Mortgage FAQs

Answers to All Your
Mortgage Questions

Where Do I Start?

Got a question about mortgages? You've come to the right place. We're here to make sure you have all the answers, from loan application to closing and even beyond.

Whether you're a first time buyer or a current homeowner looking to refinance or purchase a second home, Kennebunk Savings can:

  • Find you the best loan or refinancing option
  • Walk you through gathering the necessary financial documents
  • Help you understand the mortgage application process
  • Help you understand mortgage closing costs
  • Provide helpful tips, checklists, and worksheets

If you are just starting the process of finding and purchasing a home, we can help guide you from start to finish—including pre-qualifying you so you know how much house you can afford at the outset.

Get Prequalified

Mortgage FAQs

The interest rate for a fixed rate mortgage does not change over the life of the loan.  You can count on both the rate and the monthly principal and interest payments remaining the same over time, making it easy to manage your budget.  

An adjustable rate mortgage (ARM) differs from a fixed rate mortgage because the interest rate on the loan can vary over the life of the loan. Usually an ARM has an initial interest rate that is fixed for a number of years, and after that time will adjust as interest rates change.    

The initial interest rate on an ARM can be lower than a fixed rate loan.  However, you should weigh the risk that an increase in interest rates would lead to higher monthly payments in the future.

We do not charge any penalties for paying off your mortgage loan early. You can pay off your mortgage at any time with no additional charges.  

If you are planning to finance a home, you should be familiar with the phrase loan-to-value (LTV).  Simply put, LTV reflects the percentage of your property that will be mortgaged and is calculated by dividing the mortgage loan amount by the value of the property.

Let’s look at an example.  If you are looking to buy a home valued at $250,000 and have saved $50,000 for the down payment, you would need to finance the difference or $200,000 with a mortgage.  To calculate the LTV, you would divide the mortgage amount by the value of the home.  

$200,000 ÷ $250,000 =  .80 or 80%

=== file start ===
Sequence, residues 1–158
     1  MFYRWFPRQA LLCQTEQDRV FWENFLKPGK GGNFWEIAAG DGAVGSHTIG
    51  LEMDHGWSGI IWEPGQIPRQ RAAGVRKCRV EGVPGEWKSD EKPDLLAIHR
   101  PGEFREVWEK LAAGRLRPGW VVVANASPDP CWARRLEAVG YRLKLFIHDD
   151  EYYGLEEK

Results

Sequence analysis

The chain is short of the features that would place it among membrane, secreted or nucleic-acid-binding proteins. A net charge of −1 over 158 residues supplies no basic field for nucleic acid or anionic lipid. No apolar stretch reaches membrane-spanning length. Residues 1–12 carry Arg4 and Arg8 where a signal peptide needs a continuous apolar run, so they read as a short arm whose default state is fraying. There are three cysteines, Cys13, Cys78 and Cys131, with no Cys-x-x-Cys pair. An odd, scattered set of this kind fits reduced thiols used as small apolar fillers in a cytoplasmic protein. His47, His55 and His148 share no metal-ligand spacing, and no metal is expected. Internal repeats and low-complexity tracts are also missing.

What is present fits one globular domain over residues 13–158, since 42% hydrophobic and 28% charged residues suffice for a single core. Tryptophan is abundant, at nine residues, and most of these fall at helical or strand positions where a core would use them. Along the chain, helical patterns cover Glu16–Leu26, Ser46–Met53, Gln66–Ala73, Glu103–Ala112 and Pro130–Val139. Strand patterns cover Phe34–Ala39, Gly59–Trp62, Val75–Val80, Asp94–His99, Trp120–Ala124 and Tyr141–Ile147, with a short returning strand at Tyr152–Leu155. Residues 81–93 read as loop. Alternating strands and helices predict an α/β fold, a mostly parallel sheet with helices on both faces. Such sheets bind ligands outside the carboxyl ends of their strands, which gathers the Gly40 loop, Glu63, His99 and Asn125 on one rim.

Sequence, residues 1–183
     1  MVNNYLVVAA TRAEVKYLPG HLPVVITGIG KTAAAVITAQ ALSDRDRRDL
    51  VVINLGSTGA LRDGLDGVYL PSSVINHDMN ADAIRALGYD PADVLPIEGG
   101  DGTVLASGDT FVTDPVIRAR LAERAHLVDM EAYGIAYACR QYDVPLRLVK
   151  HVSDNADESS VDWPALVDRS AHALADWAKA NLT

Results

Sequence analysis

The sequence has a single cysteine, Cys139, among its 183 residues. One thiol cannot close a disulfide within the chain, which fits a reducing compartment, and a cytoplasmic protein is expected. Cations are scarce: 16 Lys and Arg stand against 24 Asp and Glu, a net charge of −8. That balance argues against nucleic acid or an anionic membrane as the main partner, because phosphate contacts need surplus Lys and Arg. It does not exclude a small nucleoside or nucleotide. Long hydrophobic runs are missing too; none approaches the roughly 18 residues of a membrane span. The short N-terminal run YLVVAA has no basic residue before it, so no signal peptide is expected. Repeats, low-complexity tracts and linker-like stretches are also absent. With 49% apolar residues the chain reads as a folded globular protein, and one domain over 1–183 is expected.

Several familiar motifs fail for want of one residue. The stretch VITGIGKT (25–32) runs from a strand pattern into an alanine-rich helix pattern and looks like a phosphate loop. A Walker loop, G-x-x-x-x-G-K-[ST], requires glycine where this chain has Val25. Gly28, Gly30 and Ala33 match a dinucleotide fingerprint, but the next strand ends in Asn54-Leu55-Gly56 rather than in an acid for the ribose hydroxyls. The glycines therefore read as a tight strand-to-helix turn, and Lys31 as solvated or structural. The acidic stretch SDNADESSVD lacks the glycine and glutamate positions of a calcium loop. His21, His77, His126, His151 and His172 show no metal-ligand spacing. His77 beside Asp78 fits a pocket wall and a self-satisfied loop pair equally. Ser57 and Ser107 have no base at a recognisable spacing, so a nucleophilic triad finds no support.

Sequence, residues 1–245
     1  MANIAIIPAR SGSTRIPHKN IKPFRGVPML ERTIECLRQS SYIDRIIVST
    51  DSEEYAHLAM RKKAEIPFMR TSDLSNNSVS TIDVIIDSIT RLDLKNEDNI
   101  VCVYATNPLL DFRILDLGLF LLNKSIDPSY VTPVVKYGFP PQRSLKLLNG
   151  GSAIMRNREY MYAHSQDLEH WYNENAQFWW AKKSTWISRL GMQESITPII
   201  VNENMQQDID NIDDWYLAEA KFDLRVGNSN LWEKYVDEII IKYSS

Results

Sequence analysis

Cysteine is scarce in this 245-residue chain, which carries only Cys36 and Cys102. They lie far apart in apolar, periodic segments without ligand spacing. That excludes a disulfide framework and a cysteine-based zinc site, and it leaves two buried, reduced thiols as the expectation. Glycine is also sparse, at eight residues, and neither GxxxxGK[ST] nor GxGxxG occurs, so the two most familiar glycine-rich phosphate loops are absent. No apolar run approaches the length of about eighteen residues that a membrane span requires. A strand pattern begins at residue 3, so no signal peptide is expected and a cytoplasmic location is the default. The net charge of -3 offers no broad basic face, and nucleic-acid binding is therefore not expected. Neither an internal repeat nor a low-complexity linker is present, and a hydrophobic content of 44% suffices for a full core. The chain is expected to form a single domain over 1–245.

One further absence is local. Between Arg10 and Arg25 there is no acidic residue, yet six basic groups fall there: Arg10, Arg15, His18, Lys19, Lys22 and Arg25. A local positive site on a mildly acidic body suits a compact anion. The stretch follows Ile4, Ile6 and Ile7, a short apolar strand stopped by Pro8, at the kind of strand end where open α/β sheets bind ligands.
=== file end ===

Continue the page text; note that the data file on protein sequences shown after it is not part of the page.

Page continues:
In the case noted here, the LTV is 80%, meaning that the money you want to borrow is 80% of the home’s value.  

The LTV may affect which product is right for you.  In general, there are more mortgage programs available when your LTV is low,  or up to 80%.  However there are many types of loan programs that allow for a higher LTV.  For example, Kennebunk Savings has some loan programs that allow you to borrow up to 98% LTV.  

Your LTV is one of many things considered when you apply for a loan.  The best way to determine the maximum amount you can borrow is to give us a call to discuss your borrowing needs.  We’d be happy to walk you through the numbers and the lending options available.   

Each personal situation is different and the amount of money you may need on-hand will depend upon a number of items.  Generally speaking, you should plan for the following:

Earnest money (which is  the deposit and part of the down payment) that will accompany your offer to buy a house.

Down payment which is the amount of cash you will be putting towards the purchase of your home that is paid at the closing.

Closing costs which are the various fees a homeowner pays when they buy a home and obtain a mortgage.  Closing costs come from a number of sources and generally fall into three areas:

1. Application or loan processing fees. Kennebunk Savings has a loan processing fee, which essentially helps cover the cost of our mortgage underwriters and processors-our employees. Some Lenders charge both a loan processing fee and an application fee.  It’s important that borrowers understand in advance what types of fees may be charged so that there are no surprises.

2. The vast  majority of closing costs are for services provided by other businesses. There are a lot of businesses involved in the mortgage process. The services they provide will result in some type of fee that the lender will pass on to the borrower.  These services include things like